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Sarcoidosis or Beryllium Disease?
June 13, 2010

Have you or someone you love been diagnosed with Sarcoidosis?  Read more about the difference between Sarcoidosis and Beryllium Disease.

Many people who have worked at the Bannister Federal Complex have been diagnosed with Sarcoidosis. But, is this really Beryllim disease?  Both of these diseases are so similar, how can you tell the difference…and can your doctor diagnose you correctly?

Below is a chart is similarities between Sarcoidosis and Chronic Berylliosis disease. Share this information with your doctor if you have worked at the Bannister Federal Complex – the facts below show that berillium exposure is factor in your diagnosis

 

Sarcoidosis

Chronic Berylliosis (CBD)

What is it?

An inflammatory disease that can affect any tissues of the body, resulting in microscopic lumps of inflammation called granulomas.

An occupationally acquired lung disease with abnormal formation of inflammatory masses or nodules (granulomas) within certain tissues and organs and widespread scarring and thickening of deep lung tissues.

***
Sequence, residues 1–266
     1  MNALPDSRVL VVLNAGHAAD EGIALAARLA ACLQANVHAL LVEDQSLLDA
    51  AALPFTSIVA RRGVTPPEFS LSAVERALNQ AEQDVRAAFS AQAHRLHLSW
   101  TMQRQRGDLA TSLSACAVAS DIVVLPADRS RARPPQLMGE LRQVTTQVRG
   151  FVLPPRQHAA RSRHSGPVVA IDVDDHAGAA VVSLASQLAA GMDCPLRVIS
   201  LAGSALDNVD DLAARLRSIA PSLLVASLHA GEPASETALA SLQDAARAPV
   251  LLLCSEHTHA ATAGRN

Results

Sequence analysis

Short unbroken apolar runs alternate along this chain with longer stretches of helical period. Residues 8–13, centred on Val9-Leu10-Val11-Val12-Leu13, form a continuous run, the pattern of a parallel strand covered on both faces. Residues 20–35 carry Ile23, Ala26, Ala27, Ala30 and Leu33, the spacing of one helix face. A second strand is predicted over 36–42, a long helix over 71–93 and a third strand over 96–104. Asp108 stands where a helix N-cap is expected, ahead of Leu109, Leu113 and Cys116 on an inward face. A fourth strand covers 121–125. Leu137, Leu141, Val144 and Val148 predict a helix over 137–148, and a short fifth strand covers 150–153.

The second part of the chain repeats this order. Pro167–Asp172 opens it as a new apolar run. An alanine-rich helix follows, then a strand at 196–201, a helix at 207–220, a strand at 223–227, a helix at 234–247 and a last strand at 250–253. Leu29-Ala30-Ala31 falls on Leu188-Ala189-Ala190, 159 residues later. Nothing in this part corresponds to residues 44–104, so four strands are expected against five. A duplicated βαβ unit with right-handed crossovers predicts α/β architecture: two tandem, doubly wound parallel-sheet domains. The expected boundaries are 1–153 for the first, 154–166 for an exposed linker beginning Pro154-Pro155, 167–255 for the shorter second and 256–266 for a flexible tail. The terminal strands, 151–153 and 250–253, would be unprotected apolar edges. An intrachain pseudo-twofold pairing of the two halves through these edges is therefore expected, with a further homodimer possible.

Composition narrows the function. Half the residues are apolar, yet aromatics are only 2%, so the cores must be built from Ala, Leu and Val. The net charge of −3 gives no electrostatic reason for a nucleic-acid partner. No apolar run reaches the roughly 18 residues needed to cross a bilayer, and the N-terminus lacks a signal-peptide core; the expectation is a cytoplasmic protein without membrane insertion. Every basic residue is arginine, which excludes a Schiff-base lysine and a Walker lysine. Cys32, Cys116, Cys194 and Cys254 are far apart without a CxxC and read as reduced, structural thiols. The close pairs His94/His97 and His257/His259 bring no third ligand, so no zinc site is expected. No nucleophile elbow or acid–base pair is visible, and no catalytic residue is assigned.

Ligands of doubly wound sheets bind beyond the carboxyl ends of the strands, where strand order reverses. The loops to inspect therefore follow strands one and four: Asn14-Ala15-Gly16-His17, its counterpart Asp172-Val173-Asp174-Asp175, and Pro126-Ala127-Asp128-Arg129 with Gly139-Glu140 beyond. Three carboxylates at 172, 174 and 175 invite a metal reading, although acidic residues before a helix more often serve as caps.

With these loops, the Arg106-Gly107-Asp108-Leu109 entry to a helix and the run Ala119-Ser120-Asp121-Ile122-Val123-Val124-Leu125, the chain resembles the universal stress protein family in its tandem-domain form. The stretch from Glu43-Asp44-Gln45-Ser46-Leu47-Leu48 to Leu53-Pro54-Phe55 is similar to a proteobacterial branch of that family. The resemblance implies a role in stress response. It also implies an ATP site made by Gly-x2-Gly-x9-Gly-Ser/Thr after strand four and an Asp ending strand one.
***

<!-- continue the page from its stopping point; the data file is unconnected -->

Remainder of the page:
When do the symptoms appear?

Sometimes symptoms are very specific.

Sometimes no symptoms appear at all.

 Sometimes symptoms appear and disappear suddenly

 Sometimes symptoms continue over a lifetime.

What are the symptoms?

Shortness of breath with a cough that will not go away (9 out of 10 cases have some type of lung problems)

Appearance of skin rashes or red bumps on the face, arms, or shins or inflammation of the fatty tissues under the skin on the legs, accompanied by arthritis in the ankles, elbows, wrists, and hands causing the skin to turn purple (20%) 

Eye diseases, such as inflammation of the eyes or enlarged tear ducts (20-30%) 

Sudden onset of symptoms like weight loss, fatigue, enlarged lymph nodes, night sweats, fever and an overall feeling of being ill.

Shortness of breath with a cough that will not go away and difficult breathing, except in upright position

 Appearance of skin rashes or red bumps on the face, neck, arms, hands shins or skin or purple skin

 
  

Corneal lesions

 

Weight loss, fatigue, fever or enlarged nymph nodes

 

What are the causes?

Caused by a variety of biologic, chemical or physical irritants.

 

Only caused by exposure to beryllium, primarily by inhalation and contact through broken skin in individuals who are sensitive to beryllium.

Is it rare?

No, sarcoidosis is a common chronic illness that appears all over the world.